What about friction between Bayit Yehudi and Yesh Atid on matters of religion and state?
It’s problematic, but I think we’re moving forward. I told the prime minister he really has to use his full weight on this. This can break up the coalition. If everyone pushes in his own direction, we can fall apart. I hope the prime minister will calm things down. It won’t be totally quiet, though; even families argue sometimes.
These issues mostly bring publicity to MKs.
They need to make a living, too. That’s just part of Israeli politics – there are bills, and there are declarative bills. Many [on religion and state] are the second kind. In the end, they won’t become law, but they made noise – and that’s something, too.”
What kind of compromise can the two parties reach on the issue of legal recognition for same-sex couples, like Yesh Atid MK Adi Kol’s bill granting gay parents a tax break?
There’s a difference between a law that’s public and official, and what the country declares, and a bureaucrat who can say ‘These people can get benefits in this case.’ We don’t want these things [recognition of gay couples] to become law, but we can make it easier for people through ordinances.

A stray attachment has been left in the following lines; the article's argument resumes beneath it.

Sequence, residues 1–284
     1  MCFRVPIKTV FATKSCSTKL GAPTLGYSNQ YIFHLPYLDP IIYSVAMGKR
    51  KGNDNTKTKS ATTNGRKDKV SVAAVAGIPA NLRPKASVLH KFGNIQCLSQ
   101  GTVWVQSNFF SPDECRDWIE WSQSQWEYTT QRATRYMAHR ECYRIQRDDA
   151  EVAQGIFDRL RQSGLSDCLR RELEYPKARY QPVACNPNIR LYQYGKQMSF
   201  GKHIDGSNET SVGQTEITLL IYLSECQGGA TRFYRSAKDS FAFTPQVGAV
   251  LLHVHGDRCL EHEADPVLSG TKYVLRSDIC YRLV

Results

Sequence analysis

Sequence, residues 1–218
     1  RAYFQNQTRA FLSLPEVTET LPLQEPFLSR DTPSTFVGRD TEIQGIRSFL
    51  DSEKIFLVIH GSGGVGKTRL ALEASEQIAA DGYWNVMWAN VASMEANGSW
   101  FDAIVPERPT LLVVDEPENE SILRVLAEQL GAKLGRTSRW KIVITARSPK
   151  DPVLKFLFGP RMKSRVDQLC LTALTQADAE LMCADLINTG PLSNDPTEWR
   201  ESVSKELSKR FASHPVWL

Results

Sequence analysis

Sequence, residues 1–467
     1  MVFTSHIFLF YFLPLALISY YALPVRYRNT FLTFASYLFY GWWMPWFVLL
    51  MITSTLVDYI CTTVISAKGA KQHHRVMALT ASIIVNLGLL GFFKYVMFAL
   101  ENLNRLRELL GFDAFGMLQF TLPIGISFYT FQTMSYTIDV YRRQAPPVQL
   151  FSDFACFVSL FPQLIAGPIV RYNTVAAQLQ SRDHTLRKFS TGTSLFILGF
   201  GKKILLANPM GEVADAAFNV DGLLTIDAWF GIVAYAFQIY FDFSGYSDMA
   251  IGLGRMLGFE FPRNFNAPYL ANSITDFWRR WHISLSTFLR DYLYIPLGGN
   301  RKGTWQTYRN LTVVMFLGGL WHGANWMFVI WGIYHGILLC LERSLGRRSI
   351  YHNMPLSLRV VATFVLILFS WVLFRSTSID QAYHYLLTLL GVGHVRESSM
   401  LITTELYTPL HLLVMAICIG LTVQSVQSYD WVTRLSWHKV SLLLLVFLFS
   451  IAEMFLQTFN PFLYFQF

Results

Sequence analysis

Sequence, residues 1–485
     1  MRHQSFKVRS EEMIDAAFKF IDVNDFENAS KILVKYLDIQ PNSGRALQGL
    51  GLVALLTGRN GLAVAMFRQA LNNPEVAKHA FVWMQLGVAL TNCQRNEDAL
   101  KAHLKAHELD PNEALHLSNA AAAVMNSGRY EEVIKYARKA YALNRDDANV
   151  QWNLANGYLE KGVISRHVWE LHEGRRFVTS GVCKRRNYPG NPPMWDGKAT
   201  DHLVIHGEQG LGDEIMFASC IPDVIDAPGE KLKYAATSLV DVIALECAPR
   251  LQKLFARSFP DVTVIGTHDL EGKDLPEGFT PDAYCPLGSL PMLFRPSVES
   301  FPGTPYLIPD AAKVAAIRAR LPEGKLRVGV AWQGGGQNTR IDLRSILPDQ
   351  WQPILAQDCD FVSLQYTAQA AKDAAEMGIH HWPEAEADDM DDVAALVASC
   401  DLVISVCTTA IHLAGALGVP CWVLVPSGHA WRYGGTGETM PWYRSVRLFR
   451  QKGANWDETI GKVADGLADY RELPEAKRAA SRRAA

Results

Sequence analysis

What about civil marriages?
There won’t be civil marriages. Two weeks ago, we had a learning day with Rabbi Yaakov Medan [of the Har Etzion Yeshiva], Rabbi Haim Druckman [head of Bnei Akiva yeshivas] and Rabbi Yaakov Ariel [president of the Zionist rabbinical organization Tzohar]. Bayit Yehudi then decided as a party that we need to continue discussing it and see what we can do. We don’t have a final position yet.
There have been cases that the rabbis with whom Tekuma consults opposed policies the Bayit Yehudi advocates. What do you do then?
It doesn’t happen often. We have a procedure, where we try to talk to the rabbis in advance of votes and discuss the issues with a legal adviser.
Bayit Yehudi and Tekuma were supposed to officially unite shortly after the election, which was over a year ago. Is the fact that it didn’t happen a sign of tension, perhaps because the Tekuma leadership is more conservative?
Plenty of MKs in Bayit Yehudi consult with rabbis and are no less [conservative] than I am on the issues.
We started talking about officially uniting, but it’s a long process that takes time and patience. We’ll run together in the next election, as far as I can see.
ARIEL’S PHONE buzzed with a text message from Netanyahu’s parliamentary aide, Perach Lerner.
“Here’s a scoop: Perach Lerner is back to work after maternity leave,” Ariel quipped, and read the message out loud: “A bill by MK Nitzan Horowitz (Meretz) to make the Ministerial Committee for Legislation transparent – protocols and votes – is coming to the Ministerial Committee for Legislation on Sunday. Are you in favor or opposed? We firmly oppose.”
“I firmly support it,” Ariel slowly said aloud, as he typed back to Lerner. “I’m cooperating with Tzipi Livni against the attorney-general. I think there should be more transparency,” he declared.
Your voters won’t be happy that you’re cooperating with Livni.
Ariel laughed: "It won’t hurt me in the party primary – Tekuma doesn’t have primaries."